and (supposing that the second "if-condition" is not accessed) this will simply go on and on, right?
To rephrase: apart from making the LEDs going backwards, it's also not clear to me how do you actually control the led going in the ascending order until a certain value of "led", and not more.

I am not sure if Fabio881’s post solved the problem or not to the issue.
I have approached the direction of the flashing lights in a different way. I stuck to the code written in the book for this project as closely as possible and only made changes to the if(led==7){}statement.
Here is the original code from the book where nothing happens after all the LEDs are lit:

``````const int switchPin=8;
unsigned long previousTime=0;
int switchState=0;
int previous SwitchState=0;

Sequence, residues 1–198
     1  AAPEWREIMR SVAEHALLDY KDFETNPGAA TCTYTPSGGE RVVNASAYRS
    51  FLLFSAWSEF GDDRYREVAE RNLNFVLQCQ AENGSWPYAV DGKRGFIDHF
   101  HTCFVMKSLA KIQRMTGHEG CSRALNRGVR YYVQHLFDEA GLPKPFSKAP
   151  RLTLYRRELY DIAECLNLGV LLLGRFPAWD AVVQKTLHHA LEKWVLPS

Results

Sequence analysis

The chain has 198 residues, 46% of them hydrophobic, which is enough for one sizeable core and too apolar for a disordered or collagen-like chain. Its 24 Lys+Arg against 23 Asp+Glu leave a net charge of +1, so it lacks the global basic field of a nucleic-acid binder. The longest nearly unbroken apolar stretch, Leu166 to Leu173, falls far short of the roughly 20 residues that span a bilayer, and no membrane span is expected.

int led=2;
long interval=600000;  //in my code I changed the interval to 10000 to speed everything up

void setup(){
for(int x=2;x<8;x++){
pinMode(x,OUTPUT);
}
pinMode(switchPin,INPUT);
}
void loop(){
unsigned long currentTime=millis();
if(currentTime-previousTime>interval){
previousTime=currentTime;
digitalWrite(led,HIGH);
led++;
if(led==7){  //this is the area we need to modify.  The book has nothing in between the brackets so that you can program what will happen once all 6 LEDs are lit
}
}
if(switchState!=previousSwitchState){
for(int x=2;x<8;x++){
digitalWrite(x,LOW);
}
led=2;
previousTime=CurrentTime;
}
previousSwitchState=switchState;
}
``````

There is a small problem with the code as is straight from the book and has to do with line 18 & 19 of the code:

``````led++;
if(led==7){
``````

if the code is left as is once the 5th LED lights up the the led variable will increase to 7 and whatever you put between the {} of the if(led==7) statement will occur before all LEDs are lit. So to correct this we change the == signs to > sign and then things will work how we want them. Now here is the code I placed within the if(led>7)statement:

``````if(led>7){
// these statements will cause the LEDs to flash on and off from low to high than high to low